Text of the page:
Bollywood star Akshay Kumar and Snoop Dogg collaborated on the song "Singh Is King" for the soundtrack of a popular Bollywood film.
Mainstream hip-hop fans in the U.S. may have missed the latest single from the rapper Snoop Dogg. But ask a Hindi-speaking music fan about the song, and he or she can probably sing you the hook. That's because it's a collaboration with the Bollywood star Akshay Kumar.
The song is called "Singh Is King," and it's from a popular Bollywood film of the same name. In the video for the song, Snoop dons an embroidered coat and a turban, and sits with his legs crossed atop a throne. He looks quite comfortable in the role of Indian royalty and it seems he's gotten a cultural pass. Some South Asian music critics even describe the scene as Snoop Dogg "going desi."
The word "desi" comes from Sanskrit and means "from the country" or "of the country." It's used by South Asian immigrants to refer to someone or something from the Indian subcontinent and its diaspora. The word implies shared values and bonds.
This is not the first time an American rapper has collaborated with a desi artist. In 2003, Jay-Z released the track "Beware of the Boys," a remix of the Panjabi MC song "Mundian to Bach Ke," rocketing the South Asian artist to a global audience. But Singh Is King marks the first time a U.S. rap star has appeared in a Bollywood film.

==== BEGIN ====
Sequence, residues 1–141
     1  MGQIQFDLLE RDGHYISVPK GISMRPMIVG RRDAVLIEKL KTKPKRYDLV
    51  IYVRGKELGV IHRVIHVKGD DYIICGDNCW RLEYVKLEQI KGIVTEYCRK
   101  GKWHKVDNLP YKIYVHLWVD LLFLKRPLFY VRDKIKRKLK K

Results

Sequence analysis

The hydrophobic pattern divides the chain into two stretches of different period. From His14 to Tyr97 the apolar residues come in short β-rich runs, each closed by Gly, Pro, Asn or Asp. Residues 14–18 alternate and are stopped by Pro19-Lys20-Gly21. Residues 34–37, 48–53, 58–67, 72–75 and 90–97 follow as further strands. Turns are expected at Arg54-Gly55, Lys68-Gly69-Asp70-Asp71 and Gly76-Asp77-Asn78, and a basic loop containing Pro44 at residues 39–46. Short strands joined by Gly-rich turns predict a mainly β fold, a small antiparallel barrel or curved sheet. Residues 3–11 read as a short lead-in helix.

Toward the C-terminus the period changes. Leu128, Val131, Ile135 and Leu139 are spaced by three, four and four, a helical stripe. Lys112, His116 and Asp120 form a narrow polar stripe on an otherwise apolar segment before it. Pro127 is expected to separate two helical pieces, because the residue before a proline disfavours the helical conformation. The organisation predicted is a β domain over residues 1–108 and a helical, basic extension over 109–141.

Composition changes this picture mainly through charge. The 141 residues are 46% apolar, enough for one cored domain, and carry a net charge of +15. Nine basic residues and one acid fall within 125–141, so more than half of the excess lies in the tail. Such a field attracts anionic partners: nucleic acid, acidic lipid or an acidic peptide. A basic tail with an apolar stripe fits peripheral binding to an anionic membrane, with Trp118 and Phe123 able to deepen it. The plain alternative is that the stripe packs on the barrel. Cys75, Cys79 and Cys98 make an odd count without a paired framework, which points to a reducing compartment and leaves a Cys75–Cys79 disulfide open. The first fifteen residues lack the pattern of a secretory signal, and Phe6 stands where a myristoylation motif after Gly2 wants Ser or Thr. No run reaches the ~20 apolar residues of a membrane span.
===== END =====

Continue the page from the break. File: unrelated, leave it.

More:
Anjula Acharia-Bath created the Web site www.desihits.com. She left the United Kingdom for the United States in 2001 and says she was dismayed to find that the fusion of music she'd grown up with — a mix of Bollywood with bhangra and hip hop — wasn't really getting much play here.
"If you think of someone like M.I.A., she really represents that genre which we call urban desi. Reggae, hip hop, ska. In the U.K., it's really commonplace; you hear it in clubs, bars, everywhere," Acharia-Bath says.
M.I.A. has achieved critical and commercial success in the U.K. and the U.S. Music from other urban desi performers like Panjabi MC and RDB is making its way to this country through U.K. distributors and is sold primarily in South Asian stores.
Shaman Ajmani first heard urban desi while working the counter at his father's Indian music store in Berkeley, Calif. He says it took a while for American desis to break into the rap game and that even though black and South Asian melodies blend seamlessly, the cultural exchange isn't always harmonious. "I do see some Indians over here using the N word. It's so annoying. I feel like saying, 'What're you doing, man? Don't try to be black.'"
Acharia-Bath says for young South Asians in the West, this music culture represents a kind of freedom — not having to choose between two worlds.
"We needed to create something that defined us and was our identity but makes us feel really good about this bicultural life that we lead," she says.
Now, urban desi music is trying to circle back to the motherland, finding an audience among young people in India. Western content is flying there through social-networking sites. Snoop says he's making plans to tour India.